It's been a while since I've posted here, so I thought I'd catch up everything that's happened before I get myself back into the swing of posting random nonsense.
Chronos is running smoothly with its new PSU, no issues since the replacement, save for some bizarre incompatibility between my D-Link USB 802.11b/g+ WiFi adapater and the uTorrent BitTorrent client. I have no idea how they could even manage to be incompatible, but somehow, if I run uTorrent, after a few minutes Windows will lose my wireless, and I have to unplug and replug the USB adapter for it to get back on. This will let the connection stay up for another few minutes before the cycle repeats itself. It only happens when uTorrent is open; if I get disconnected, reseat the USB adapter, and close uTorrent, I can stay connected for days on end. I don't get it.
Also, I bought a MacBook (13" widescreen, 2.0GHz Core 2 Duo, 1GB DDR-667, 80GB HD, SuperDrive), and I love the thing to death. The old Dell Latitude D600 was a POS from the day I got it, and I rarely used it (it's a work machine - I didn't actually buy a $2k laptop and never use it.) The MacBook, on the other hand, has more CPU power than my desktop, it's extremely portable due to its size and weight, and the power adapter is far more portable than any laptop charger I've ever seen. The screen quality is fantastic, and I'm actually starting to get back into the swing of MacOS.
Five or so years ago, I had never used a PC. I used an Apple //c when I was five, started programming it in BASIC and assembly when I was 7, got a Mac SE at 10, a Mac Quadra 605 at 14, and a PowerMac G3 (Blue & White) at 16. Then I got a job doing tech support for an ISP, and had to get a Windows-based computer to be able to keep up with the issues experienced by our majority-Windows customers. So, at 19, I bought my first PC, and built it myself from parts, just to have the experience. I sold my last remaining Mac when I was 21, and now I'm nearing my 24th birthday, and I have a Mac again.
Why did I ditch the Mac in the first place? Mac OS X. I've used every Mac OS from System 4 on the IIgs to System 6 on the SE to System 7 on the Quadra to MacOS 8, 9, and eventually X on the G3. It kept getting better and better; every update was faster, easier to use, more feature-full than the last. With MacOS 9.1.2 my system was more responsive than it had ever been.
Then Mac 9.2 came out, designed to ease the migration to MacOS X, laying the groundwork for a whole new Mac OS. I tried the OS X public beta; it was dirt-slow, a total memory hog, and it eventually hosed my hard drive - but hey, it was a beta. I used 10.0 final, it was nearly as bad; 10.1 was a slight improvement, but I never got over how much the interface had changed; I still think Mac 9.1 was the easiest to use, and I think at this point Mac has come down to be roughly on-par with Windows in terms of intuitiveness; a significant fall from grace.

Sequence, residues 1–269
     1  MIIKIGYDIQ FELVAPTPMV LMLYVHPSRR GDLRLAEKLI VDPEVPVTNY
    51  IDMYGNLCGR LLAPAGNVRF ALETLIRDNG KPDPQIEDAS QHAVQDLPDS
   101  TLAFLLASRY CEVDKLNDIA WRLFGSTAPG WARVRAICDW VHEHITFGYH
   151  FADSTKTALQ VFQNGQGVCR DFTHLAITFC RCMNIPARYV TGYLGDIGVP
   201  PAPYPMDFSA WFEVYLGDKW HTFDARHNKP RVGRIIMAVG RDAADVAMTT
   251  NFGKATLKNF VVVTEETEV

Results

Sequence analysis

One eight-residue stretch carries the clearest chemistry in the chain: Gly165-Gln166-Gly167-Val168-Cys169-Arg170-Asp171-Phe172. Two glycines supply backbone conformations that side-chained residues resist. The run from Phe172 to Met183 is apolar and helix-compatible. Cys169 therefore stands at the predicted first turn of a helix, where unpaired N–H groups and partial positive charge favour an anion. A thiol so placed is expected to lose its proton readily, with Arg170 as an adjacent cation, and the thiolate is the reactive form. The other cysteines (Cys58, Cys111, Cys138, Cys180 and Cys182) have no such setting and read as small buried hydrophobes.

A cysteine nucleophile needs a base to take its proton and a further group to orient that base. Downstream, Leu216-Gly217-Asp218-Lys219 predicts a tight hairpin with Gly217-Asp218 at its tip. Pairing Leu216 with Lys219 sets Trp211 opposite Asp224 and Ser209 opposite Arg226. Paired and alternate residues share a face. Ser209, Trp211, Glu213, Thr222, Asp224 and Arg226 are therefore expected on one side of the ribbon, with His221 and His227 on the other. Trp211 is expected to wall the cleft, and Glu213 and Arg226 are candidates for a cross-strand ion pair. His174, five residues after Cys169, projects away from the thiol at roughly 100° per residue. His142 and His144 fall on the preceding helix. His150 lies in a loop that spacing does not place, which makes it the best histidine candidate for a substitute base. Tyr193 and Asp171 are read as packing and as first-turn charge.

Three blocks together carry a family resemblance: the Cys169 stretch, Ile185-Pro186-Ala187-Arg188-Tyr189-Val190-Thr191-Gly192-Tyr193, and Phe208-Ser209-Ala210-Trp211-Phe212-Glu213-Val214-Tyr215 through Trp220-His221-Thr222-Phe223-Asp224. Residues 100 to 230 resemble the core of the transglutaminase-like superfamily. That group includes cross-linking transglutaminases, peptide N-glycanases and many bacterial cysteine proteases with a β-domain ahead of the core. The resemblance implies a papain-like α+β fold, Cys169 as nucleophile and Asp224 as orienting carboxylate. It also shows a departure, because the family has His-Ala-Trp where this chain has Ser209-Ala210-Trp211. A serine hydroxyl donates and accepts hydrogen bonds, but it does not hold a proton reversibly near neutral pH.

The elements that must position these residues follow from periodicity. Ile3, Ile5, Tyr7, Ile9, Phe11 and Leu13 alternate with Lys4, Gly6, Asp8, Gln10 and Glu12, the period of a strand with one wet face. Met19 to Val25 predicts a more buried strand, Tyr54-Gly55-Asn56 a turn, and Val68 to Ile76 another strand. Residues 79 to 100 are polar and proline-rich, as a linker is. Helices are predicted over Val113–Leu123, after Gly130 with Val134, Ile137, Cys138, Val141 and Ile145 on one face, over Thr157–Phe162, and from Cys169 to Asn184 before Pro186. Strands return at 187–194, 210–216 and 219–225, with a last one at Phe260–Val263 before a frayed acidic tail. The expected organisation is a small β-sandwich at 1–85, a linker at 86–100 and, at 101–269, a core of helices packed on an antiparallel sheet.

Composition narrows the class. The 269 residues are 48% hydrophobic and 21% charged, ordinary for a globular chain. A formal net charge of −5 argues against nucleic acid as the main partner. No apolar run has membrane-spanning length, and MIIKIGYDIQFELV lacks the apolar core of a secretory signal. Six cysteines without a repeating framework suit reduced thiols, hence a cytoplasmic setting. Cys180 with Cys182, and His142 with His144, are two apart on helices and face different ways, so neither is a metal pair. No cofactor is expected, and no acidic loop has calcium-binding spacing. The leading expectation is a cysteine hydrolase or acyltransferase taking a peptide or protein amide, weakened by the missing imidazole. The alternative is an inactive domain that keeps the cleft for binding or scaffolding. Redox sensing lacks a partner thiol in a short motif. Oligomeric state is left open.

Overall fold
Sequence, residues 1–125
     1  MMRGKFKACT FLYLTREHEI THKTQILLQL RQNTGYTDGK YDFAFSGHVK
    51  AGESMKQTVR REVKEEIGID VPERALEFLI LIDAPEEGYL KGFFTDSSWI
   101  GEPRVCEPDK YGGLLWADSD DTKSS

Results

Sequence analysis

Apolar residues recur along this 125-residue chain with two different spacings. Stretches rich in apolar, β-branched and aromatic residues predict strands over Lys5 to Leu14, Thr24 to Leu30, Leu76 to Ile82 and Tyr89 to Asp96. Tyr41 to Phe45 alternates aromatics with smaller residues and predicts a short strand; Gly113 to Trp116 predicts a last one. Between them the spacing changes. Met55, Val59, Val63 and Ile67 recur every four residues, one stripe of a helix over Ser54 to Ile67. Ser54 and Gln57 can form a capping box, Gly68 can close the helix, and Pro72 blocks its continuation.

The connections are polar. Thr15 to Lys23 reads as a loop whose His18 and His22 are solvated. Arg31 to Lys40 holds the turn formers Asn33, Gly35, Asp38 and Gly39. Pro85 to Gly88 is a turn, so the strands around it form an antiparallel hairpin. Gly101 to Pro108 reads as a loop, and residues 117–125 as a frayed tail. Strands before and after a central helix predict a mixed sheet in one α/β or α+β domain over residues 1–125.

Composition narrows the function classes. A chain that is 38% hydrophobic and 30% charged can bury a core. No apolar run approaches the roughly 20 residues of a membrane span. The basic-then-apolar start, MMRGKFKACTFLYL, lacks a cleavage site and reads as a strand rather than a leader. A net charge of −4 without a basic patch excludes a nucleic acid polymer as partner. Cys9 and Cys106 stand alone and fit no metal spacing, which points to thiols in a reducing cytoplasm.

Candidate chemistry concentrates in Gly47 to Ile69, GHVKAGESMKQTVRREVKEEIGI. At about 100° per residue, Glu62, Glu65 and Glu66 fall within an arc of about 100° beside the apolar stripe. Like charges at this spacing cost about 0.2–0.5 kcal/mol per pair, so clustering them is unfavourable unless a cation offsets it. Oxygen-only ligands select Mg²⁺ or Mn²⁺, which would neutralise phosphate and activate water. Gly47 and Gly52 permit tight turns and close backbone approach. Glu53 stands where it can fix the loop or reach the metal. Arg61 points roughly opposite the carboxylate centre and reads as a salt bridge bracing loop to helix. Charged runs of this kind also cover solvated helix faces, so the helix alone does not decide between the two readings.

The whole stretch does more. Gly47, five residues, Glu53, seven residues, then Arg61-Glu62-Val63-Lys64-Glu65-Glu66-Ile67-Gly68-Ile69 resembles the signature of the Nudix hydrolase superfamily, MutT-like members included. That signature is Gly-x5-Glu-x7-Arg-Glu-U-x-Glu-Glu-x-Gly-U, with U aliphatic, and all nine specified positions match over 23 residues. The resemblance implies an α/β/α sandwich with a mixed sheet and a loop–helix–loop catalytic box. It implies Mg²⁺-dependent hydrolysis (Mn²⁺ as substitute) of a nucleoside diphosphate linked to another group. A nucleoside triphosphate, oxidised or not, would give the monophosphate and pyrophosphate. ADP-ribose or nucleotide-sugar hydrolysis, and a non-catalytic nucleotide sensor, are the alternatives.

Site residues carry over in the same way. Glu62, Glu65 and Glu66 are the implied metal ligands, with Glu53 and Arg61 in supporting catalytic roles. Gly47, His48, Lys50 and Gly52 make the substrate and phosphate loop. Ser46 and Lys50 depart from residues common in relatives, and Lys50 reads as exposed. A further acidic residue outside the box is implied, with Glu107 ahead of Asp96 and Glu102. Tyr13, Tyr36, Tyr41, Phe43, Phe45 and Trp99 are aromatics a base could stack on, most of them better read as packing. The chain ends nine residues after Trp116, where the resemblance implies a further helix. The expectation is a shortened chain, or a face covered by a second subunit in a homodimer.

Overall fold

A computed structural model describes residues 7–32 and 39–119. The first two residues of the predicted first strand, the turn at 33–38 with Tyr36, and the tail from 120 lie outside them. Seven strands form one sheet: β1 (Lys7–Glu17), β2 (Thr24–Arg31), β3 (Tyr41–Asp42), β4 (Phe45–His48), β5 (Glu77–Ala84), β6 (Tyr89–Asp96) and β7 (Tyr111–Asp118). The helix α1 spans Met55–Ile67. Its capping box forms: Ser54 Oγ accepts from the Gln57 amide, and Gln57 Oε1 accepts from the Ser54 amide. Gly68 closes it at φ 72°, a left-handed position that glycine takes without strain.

Now I'm using a Mac again, and it's taking some adustment, but it's not as bad as I remember it. Some of the more annoying issues have been fixed; others I suppose just don't bother me as much any more because it's been a very, very long time since I was used to the smooth effortlessness of Mac OS of old. Whatever the root, I'm taking a liking to this new OS.
Expose, which allows you to quickly view all open windows, all windows in the current application, or your desktop, with the push of a button, is very nice. Rather than icons representing each window, when you hit the button, the windows slide and shrink and move around so that you can see them all on-screen at once; these zoomed-out windows are still the real deal, however, and still update while you're looking at them in their miniature form; progress bars still update, and so on.
The Dashboard is handy as well; I'm using iStat Pro to keep an eye on CPU, memory, disk, and network use directly from the dash, as well as Sing that iTune, which automatically looks up the lyrics for whatever track is currently playing in iTunes (I can't help it, I'm a compulsive sing-along-er.)
I haven't used the iLife kit much (iMovie HD, iDVD, iPhoto, etc.), though I have tinkered briefly in GarageBand. Yet again, I find myself using iTunes even though it's a desperately sub-par product; it's become such a juggernaut that few are willing to attempt to compete - on Windows you're up against WMP, iTunes and WinAmp, not an easy fight to fight - and on MacOS, well, iTunes has a pretty significant stranglehold. There are a couple of alternatives, but nothing suitable. So iTunes remains my photo app. It also includes an app called PhotoBooth that uses the built-in webcam to let you take photos - I use it for my gtalk buddy icon, which I sign onto using iChat (works just fine, although it does require that I use a seperate app for gmail notifications - luckily Google has released a full-featured email and calendar notification pack for Mac that works extremely well for me.)